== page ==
The impact inflicted by the COVID-19 pandemic according to Department of Labor and Employment (DOLE) Secretary Silvestre H. Bello III could cause the loss of up to five million jobs in the country by the end of the year 2020.

Around 2.6 million workers have so far been displaced amid the pandemic. Basing on the data by the Labor Department, there are around 93,621 establishments in the formal sector implemented temporary closure while other businesses opted to implement alternative work arrangements, thus resorting to flexible work schemes resulting in fewer workdays, rotation, forced leave and telecommuting. Majority of the jobs at risk are from the service sector as well as the tourism industry, particularly the allied businesses like restaurants and transportation.

In terms of number of workers affected, the National Capital Region (NCR) leads the roster, with close to 900,000 workers, the other regions with the highest number of Covid-displaced workers are Region 3 (Central Luzon) with 295,000; Region 11 (Davao Region), 205,000; Region 10 (Northern Mindanao), 166,000; and Region 4A (Calabarzon), 165,000. Regions with the least affected workers are Region 12 (Socsargen) with 28,000 displaced workers; Region 1 (Ilocos Region), 32,000; Caraga Region, 47,000; Region 8 (Eastern Visayas), 55,000; and Cordillera Administrative Region (CAR) with 68,000 workers.

As a result of the economic crisis created by the pandemic, for millions of workers, no income means no food, no security and no future. These are the real faces of the world of work, both for the formal and informal sectors of society.

The labor department is pushing for the preservation of employment by businesses and enterprises as the country slowly transitions into the new normal amid the global health pandemic.

Labor Advisory No. 17, Series of 2020 “, the guidelines on employment preservation upon the resumption of business operation applies to all employers and their employees regardless of employment status in the private sector operating or allowed to resume business operations under the modified enhanced community quarantine or general community quarantine.

The labor advisory “highly encourages” work-from-home and telecommuting for employees in businesses and industries and also spells out a menu of alternative work arrangements that employers may resort to in order to forestall further business reverses, while at the same time protecting jobs, preventing closures and termination of workers.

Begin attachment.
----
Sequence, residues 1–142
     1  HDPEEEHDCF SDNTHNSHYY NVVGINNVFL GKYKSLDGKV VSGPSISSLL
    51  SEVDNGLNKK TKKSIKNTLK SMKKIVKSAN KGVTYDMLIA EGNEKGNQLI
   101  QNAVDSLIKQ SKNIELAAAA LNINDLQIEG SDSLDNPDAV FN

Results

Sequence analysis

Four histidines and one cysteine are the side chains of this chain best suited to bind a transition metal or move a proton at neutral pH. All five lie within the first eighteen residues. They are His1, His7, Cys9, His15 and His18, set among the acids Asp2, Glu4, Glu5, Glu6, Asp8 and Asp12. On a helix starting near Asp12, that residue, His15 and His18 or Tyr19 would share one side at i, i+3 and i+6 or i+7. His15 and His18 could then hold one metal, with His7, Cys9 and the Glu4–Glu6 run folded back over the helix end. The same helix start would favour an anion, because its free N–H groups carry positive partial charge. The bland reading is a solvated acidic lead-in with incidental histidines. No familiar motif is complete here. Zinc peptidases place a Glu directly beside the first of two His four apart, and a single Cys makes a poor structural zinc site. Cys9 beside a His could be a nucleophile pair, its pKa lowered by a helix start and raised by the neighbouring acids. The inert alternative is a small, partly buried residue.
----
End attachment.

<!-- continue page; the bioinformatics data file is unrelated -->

These alternative work schemes include the following: transfer of employee to another branch; assignment of employee to another function or position, in the same or another branch or outlet; reduction of normal workdays or workhours; job rotations; partial closure of an establishment while some department or unit is continued; and other schemes that is necessary or peculiar for the survival of a specific business or establishment.

The guidelines likewise strongly advise employers to employ various wage and benefits schemes necessary for the continuance of business and employment in coordination with their workers and in conjunction with agreed company policies and their respective collective bargaining agreements (CBAs); provided that the said adjustments in wage and benefits should not exceed six months, or the period mandated in their CBAs.

In instances when termination of employment becomes unavoidable, the advisory said emoluments for workers removed for cause should follow the provisions of existing laws.

The guidelines also required employers to submit reports to the DOLE Regional or field offices on the adaption of any, or all, of the provisions of the advisory.

Meanwhile, in Labor Advisory No. 18, DOLE said that the prevention and control of the COVID-19 virus in a specific work place, business, or industry shall be borne by the employer. It emphasized that employers, contractors and subcontractors, or their principals, should shoulder expenses in the conduct of the following prevention and control measures: testing of employees; disinfection of facilities; provision of hand sanitizers; procurement of Personal Protective Equipment (PPEs), such as facemasks; putting up of signages; the orientation and training of workers including the provision of IEC materials on COVID-19 prevention and control; and other measures necessary to fight and protect their workers and employees.

These minimum health standards are contained in the joint DOLE-DTI Interim Guidelines on Workplace Prevention and Control of COVID-19, dated April 30; Department Order No. 35, dated May 3, 2020 on Construction Safety Guidelines for the Implementation of all DPWH Projects During the COVID-19 Public Health Crisis; and Department Memorandum No. 2020-0220, dated May 11, 2020, on the Interim Guidelines for the Return-To-Work, issued by the Department of Health (DOH). For contractual workers; such as security guards, maintenance crews and janitorial workers the expenses shall be borne by the principal, or client, of the contractor or subcontractor.

END/Patrick T. Rillorta